Thomas Bach, president of the International Olympic Committee, greets Pope Francis during their meeting ahead of the opening ceremony of first global conference of faith and sport at the Vatican City, Oct. 5. CNS photo/L'Osservatore via EPA

Keep sports honest, says Pope Francis at conference

By  Josephine McKenna, Religion News Service
  • October 7, 2016

VATICAN CITY – Pope Francis has taken his personal quest to wipe out dishonesty and corruption to the sporting arena.

Launching the Vatican’s first-ever global conference on faith and sport, the Pope said Wednesday (Oct. 5) it was important to keep sports honest and protect games from abuse. The three-day conference is hosted by the Pontifical Council for Culture with the support of the United Nations and the International Olympic Committee.

“Sport is a human activity of great value, able to enrich people’s lives,” the Pope told the opening ceremony. “It is enjoyed by men and women of every nation, ethnic group and religious belonging.”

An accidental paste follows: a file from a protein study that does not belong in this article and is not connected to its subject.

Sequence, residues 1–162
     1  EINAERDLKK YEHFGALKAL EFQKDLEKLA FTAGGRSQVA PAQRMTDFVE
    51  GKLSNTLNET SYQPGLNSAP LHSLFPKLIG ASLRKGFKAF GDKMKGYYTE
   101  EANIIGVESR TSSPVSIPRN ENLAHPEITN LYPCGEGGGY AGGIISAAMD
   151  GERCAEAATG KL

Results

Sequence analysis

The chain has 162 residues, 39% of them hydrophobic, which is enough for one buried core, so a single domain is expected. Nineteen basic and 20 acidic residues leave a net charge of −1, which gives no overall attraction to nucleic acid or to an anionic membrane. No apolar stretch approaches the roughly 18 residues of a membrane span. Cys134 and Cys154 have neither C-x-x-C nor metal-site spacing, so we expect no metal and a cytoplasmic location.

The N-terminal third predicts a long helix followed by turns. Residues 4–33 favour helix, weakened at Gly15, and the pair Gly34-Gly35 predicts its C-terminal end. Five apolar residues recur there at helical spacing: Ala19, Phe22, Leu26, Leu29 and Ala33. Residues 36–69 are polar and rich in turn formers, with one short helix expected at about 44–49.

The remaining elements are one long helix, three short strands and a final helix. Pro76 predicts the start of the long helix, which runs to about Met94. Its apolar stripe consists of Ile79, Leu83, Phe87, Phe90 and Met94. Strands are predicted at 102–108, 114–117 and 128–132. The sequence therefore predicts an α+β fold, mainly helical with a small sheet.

But the Pope, whose personal passion for the Argentine soccer team San Lorenzo is well-known, said the challenge was “maintaining the honesty of sport, of protecting it from manipulations and commercial abuse.”

“It would be sad for sport and for humanity if people were unable to trust in the truth of sporting results, or if cynicism and disenchantment were to drown out enthusiasm or joyful and disinterested participation,” he said.

“In sport, as in life, competing for the result is important, but playing well and fairly is even more important!”

The Pope told guests, including U.N. Secretary-General Ban Ki-moon and the head of the International Olympic Committee, Thomas Bach, that the recent Olympic Games and Paralympic Games had captured the world’s attention and promoted inclusion.

“When we see athletes giving their very best, sport fills us with enthusiasm, with a sense of marvel, and it makes us almost feel proud.”

Francis also noted poor children who may play sport with a “rugged old deflated ball” and encouraged institutions and religious communities to ensure they have access to sporting opportunities.

Please support The Catholic Register

Unlike many media companies, The Catholic Register has never charged readers for access to the news and information on our website. We want to keep our award-winning journalism as widely available as possible. But we need your help.

For more than 125 years, The Register has been a trusted source of faith-based journalism. By making even a small donation you help ensure our future as an important voice in the Catholic Church. If you support the mission of Catholic journalism, please donate today. Thank you.